- The Washington Times - Tuesday, July 9, 2019

A federal judge rejected the Trump administration’s effort to change its legal team in the census citizenship question case, ruling Tuesday that the government gave no reason why it wanted to pull the lawyers who’ve argued the case for months.

“Defendants provide no reasons, let alone ‘satisfactory reasons,’ for the substitution of counsel,” Judge Jesse Furman said.

He said the case is speeding along and it’s been the administration that’s been pushing for that speed.

To now risk a slowdown by changing lawyers with no explanation is unwarranted, he said.

“If anything, that urgency — and the need for efficient judicial proceedings — has only grown since that time,” he said.



He did allow two lawyers to withdraw, and said the government could come back with a new argument. But he said it must be accompanied by assurances that any more changes won’t affect the timeline of the case.

He did allow two lawyers to withdraw because one is no longer with the Justice Department and the other is no longer in the civil division.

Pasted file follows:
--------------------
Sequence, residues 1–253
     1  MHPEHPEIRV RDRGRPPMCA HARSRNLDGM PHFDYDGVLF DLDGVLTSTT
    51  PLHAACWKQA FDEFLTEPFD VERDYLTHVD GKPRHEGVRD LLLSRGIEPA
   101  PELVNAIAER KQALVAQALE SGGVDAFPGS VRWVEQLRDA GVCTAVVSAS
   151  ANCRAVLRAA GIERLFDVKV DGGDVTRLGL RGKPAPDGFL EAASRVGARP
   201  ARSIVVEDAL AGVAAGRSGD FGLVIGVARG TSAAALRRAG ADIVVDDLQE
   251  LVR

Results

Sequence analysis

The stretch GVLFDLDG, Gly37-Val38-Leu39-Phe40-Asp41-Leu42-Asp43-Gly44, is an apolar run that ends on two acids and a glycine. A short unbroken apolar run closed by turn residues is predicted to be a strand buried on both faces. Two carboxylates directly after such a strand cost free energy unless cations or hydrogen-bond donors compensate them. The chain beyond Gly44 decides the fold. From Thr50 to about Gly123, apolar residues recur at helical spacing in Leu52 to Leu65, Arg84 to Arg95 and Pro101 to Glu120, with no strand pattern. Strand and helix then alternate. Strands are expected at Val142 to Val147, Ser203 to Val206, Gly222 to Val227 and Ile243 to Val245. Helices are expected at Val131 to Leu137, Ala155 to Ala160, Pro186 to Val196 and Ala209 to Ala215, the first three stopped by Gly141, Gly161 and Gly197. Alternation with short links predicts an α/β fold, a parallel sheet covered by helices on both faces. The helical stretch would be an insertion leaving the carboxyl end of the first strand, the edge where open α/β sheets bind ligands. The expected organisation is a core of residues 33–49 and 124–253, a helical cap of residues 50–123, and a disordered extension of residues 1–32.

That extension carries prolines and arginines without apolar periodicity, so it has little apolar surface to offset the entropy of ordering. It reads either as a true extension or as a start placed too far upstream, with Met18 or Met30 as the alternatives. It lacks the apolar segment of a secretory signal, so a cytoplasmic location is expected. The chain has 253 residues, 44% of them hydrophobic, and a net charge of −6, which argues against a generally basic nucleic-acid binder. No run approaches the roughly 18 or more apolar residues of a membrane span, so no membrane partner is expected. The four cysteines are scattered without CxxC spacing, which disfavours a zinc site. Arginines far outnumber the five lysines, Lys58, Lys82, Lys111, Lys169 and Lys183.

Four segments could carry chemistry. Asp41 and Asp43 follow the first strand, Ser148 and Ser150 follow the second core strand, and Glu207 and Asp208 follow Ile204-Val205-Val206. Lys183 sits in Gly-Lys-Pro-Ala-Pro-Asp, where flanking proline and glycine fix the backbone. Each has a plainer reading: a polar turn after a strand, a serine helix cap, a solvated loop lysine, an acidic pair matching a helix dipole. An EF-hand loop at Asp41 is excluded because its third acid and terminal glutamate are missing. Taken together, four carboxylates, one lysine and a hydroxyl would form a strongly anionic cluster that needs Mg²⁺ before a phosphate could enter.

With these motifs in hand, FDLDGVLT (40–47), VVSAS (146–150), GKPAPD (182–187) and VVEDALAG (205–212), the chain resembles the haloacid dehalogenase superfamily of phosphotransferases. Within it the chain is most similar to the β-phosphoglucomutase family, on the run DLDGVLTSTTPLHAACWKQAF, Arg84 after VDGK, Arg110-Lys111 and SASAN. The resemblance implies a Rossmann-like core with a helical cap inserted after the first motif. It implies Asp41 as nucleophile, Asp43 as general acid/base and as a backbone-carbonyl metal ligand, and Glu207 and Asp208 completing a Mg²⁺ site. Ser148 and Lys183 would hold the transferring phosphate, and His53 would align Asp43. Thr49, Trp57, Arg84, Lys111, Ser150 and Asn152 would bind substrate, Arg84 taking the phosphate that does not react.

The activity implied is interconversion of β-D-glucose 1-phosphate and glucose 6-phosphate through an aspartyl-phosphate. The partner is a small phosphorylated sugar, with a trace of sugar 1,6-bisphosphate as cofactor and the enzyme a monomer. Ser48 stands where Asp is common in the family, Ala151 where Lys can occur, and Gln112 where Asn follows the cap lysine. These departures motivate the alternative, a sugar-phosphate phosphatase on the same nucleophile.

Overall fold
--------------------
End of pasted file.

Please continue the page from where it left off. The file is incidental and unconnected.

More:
But nine other lawyers were ordered to remain on the case — for now.

Judge Furman said the government could come back with a new argument giving reasons for the change. But he said it must be accompanied by assurances that any more changes won’t affect the timeline of the case.

Similar requests to change lawyers are pending before federal judges in California and Maryland, too.

The American Civil Liberties Union, a chief litigant in the New York case, had said it feared the Justice Department was trying to pull a fast one by withdrawing lawyers who may have misled the court. The ACLU said it wants assurances the court will retain jurisdiction over the lawyers, so the judge can slap sanctions on them if he rules they did intentionally mislead the court.

Judge Furman said any new Justice Department filing will have to agree that the lawyers remain subject to sanctions and their presence can be ordered “at any future hearings.”

Dale Ho, director of the ACLU’s voting rights project, said the Justice Department’s move to switch legal teams was “unprecedented.”

“The Trump administration is acting like it has something to hide, and we won’t rest until we know the truth,” he said.

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